Reasons why it is harder to get a mortgage for a new home loan

It can often be much more difficult to get a mortgage on a new-build home than many new homebuyers expect. Individual lenders take a varying approach to brand new homes, with some refusing applications whilst others may be happy to loan.  No two lender’s policies or deals will be the same. House builder deals and Help to Buy can even make the problem worse.

Lenders require larger deposits on new homes

This is because most lenders believe new home buyers are paying a premium prices for new homes and the home will lose value the moment you move in. It can be very difficult to re sell a new home (at the fair market price) whilst the house builder’s sales staff is still on the development. Buyers will always opt for brand new over nearly new!

New home warranty

Forget trying to get a mortgage from any lender on a new home without a recognised ten-year warranty. An Architect’s certificate is not a substitute!

Challenging timescale

Nearly all house builders require buyers to Exchange Contracts within 28 days of reserving a new home. The demands of this tight deadline (forced on buyers by house builders) is often difficult for lenders, so it pays to get a mortgage offer agreed 'in principle' before even going to developments.

A mortgage using Help to Buy

Using Help to Buy limits your choice of lenders. Large lenders such as Santander and Barclays do offer low deposit mortgages on new homes using the scheme, but many others avoid it.

Completion dates cannot be relied on

Even though most mortgage offers are valid for up to six months, this is often not enough for those houses yet to be started or homes under construction such as flats. Some lenders can extend offers to up to 9 months, but buyers should ask. New homes are rarely 100% finished on the date when house builders say they will be! Buyers' complaints concerning completion delays are common.

Cash-back and incentives

It is not uncommon for house builders to offer cash-back and other incentives to help buyers' increase deposits. But it is obvious to lenders that the prices will have been set higher to compensate for the cash-back and other incentives. This means that lenders then deduct the incentive amount from the home valuation and the percentage loan-to-value is offered on the lower figure. New homebuyers are then forced to find an even larger deposit to make up for the shortfall.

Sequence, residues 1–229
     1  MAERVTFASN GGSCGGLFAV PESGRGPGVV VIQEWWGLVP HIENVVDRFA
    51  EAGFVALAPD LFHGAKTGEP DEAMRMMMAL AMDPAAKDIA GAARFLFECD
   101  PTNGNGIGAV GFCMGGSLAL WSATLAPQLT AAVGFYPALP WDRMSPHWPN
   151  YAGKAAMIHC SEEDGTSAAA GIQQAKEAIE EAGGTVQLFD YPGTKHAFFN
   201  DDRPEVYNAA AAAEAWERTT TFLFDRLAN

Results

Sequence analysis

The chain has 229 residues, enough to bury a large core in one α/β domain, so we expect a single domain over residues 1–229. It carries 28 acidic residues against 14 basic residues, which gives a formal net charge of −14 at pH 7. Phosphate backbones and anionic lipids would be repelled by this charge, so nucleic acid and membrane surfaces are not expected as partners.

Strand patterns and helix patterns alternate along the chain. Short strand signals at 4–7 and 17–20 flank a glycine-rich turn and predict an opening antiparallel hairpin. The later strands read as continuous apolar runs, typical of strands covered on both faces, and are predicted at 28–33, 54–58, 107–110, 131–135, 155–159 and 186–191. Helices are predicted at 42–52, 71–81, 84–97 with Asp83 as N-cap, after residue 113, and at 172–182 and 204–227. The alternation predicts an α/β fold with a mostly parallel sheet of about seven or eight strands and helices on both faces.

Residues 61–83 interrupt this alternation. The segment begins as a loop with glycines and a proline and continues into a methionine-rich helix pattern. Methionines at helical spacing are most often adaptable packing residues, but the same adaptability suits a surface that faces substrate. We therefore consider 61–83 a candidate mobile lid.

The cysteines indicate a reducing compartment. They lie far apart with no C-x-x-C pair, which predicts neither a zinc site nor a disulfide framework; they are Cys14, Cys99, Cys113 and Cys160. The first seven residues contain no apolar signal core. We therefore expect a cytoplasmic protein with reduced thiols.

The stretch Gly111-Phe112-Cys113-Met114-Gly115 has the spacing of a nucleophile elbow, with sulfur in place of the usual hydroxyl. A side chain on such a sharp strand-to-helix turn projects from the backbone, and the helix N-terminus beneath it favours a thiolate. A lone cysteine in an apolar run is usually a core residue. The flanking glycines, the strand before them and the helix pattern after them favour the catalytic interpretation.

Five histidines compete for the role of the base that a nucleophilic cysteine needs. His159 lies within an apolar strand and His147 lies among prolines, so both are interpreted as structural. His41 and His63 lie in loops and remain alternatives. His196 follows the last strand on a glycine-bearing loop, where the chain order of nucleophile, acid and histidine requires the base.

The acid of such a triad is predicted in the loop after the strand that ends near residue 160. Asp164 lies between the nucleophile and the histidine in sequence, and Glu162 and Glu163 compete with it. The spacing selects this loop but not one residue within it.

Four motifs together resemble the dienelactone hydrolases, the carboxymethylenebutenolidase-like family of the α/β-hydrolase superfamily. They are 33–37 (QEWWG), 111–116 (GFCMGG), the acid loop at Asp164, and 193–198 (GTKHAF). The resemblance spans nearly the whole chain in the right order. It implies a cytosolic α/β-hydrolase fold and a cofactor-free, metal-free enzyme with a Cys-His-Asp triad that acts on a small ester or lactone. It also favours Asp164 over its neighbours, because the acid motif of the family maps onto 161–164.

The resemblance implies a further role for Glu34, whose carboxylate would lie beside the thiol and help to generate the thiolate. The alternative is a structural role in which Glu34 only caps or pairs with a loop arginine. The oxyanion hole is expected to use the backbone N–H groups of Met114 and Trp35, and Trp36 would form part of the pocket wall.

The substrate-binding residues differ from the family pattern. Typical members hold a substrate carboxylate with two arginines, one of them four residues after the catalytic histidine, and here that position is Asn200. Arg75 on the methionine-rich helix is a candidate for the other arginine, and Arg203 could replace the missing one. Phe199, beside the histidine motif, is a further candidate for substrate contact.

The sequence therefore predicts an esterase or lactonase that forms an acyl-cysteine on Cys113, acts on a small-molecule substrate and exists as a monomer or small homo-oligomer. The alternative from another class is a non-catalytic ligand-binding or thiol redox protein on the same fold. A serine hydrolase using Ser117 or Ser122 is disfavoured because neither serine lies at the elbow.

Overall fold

A larger deposit required when buying new

Lenders limit the maximum percentage of the purchase price they are prepared to lend for a new home. Some may lend up to 85% of the value on a new house, but just 75% on a new flat.

Is it new or just nearly new

Lenders' specific new-build lending criteria and deposit rules will depend on how the lender defines what is classified as a "new home." The definition of new varies from lender to lender, with some classing homes built in the last two or three years as new, while others define a new home as one that has not been occupied at all.  Even conversions of older properties can often be categorised as new by some lenders.

Restrictions on type of new homes

Some lenders may be less accommodating with loans on homes for reserved for local people or affordable housing buyers. Others may not lend on flats converted from industrial buildings, offices or in local authority blocks.

Limited mortgages per development

It makes sense for lenders not to have all their "eggs in one basket" As a result most lenders restrict loans to around a quarter of the homes on each development. So if you are buying one of the last plots, especially using Help to Buy you may find it ever harder to get a mortgage offer.

Mortgages in high-rise blocks

In the past many lenders refused to offer loans on flats in high-rise blocks. West Bromwich Building Society will still only lend on properties in blocks of less than five floors. It is not uncommon for lenders to require surveyors to give a projected resale value and then lend only when this is positive.

Return to Top

Getting A New Home Mortgage